Toyota has signed an agreement with the Japanese Exploration Agency (JAXA), which is considering putting another rover vehicle into space.
The two firms yesterday announced the agreement to continue co-operating on a fuel-cell powered space vehicle.
Because of the limited resources which can be transported to the moon, the vehicle will not run forever, although the pressurised rover would have a total range of more than 10,000km (6,214 miles).
The currently unnamed vehicle would have its sights set on the moon, although Mars is still an area of interest for space exploration.
Toyota president Akio Toyoda said: “The automotive industry has long done business with concepts of ‘hometown’ and ‘home country’ largely in mind. However, from now on, in responding to such matters as environmental issues of global scale, the concept of ‘home planet’ from which all of us come will become a very important concept.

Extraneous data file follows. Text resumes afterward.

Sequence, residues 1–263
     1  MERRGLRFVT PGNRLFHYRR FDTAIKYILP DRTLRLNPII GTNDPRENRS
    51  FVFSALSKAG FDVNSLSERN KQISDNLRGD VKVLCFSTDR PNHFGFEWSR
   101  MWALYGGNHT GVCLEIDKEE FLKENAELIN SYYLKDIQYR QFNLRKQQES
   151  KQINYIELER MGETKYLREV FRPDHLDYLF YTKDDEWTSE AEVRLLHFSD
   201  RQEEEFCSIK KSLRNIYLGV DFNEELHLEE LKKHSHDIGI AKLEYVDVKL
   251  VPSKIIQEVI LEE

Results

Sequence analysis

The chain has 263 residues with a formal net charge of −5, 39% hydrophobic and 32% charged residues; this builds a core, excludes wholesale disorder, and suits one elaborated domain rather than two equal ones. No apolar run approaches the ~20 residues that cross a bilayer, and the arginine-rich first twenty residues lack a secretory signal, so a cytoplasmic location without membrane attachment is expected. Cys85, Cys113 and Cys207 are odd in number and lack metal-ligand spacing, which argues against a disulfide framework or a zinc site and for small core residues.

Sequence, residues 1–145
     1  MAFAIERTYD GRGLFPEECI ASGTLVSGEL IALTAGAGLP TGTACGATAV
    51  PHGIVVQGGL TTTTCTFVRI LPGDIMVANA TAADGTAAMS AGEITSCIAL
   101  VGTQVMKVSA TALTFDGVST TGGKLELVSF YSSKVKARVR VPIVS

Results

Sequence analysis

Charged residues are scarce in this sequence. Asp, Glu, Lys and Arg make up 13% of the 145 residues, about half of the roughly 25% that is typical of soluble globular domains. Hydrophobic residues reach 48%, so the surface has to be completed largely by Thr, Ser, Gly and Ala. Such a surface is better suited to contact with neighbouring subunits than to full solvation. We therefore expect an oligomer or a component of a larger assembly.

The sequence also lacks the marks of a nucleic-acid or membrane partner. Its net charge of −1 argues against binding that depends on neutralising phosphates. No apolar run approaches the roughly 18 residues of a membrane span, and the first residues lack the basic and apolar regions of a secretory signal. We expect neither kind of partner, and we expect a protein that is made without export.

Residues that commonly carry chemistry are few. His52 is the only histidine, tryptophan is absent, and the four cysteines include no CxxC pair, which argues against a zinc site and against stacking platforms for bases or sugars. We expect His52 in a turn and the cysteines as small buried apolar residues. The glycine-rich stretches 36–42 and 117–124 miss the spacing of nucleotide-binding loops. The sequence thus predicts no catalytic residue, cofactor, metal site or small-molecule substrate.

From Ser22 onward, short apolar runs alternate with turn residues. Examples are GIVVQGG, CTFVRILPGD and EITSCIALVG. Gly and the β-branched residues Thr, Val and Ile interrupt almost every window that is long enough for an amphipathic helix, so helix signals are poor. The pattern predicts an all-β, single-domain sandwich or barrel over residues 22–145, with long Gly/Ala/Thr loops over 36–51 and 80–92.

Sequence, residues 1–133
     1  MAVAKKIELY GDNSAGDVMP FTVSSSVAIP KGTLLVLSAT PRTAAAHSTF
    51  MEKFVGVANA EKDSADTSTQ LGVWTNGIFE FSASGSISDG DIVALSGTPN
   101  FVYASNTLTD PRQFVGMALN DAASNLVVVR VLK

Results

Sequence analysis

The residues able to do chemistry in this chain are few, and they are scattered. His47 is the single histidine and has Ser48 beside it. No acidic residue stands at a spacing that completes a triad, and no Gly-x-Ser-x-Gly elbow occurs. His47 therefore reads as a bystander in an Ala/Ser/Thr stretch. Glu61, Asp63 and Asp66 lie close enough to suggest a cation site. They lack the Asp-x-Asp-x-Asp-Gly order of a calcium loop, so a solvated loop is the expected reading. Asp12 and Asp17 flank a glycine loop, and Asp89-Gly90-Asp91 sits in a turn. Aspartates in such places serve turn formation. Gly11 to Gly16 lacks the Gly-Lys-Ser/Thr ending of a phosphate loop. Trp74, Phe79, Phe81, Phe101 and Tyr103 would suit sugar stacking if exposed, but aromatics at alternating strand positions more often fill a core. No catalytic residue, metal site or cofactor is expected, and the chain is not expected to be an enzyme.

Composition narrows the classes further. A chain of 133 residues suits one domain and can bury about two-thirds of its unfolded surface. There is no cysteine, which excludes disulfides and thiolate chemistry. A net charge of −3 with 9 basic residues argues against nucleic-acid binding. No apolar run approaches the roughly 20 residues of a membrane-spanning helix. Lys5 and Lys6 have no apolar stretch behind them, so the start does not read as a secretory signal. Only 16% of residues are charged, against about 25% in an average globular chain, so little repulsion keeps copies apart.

“I am extremely happy that, for this project, expectations have been placed on the thus-far developed durability and driving performance of Toyota vehicles and on our fuel cell environmental technologies.”
It might seem an unusual move for a car manufacturer to venture into such a market, but with Toyota often being at the forefront of environmental technology, there is method behind the bold announcement.
The Japanese manufacturer is also one of the very few manufacturers with production-ready fuel cell models — such as the Mirai.
There is no word on the specs and size of the six-wheeled lunar vehicle, although JAXA has said it aims to launch such a rover into space in 2029.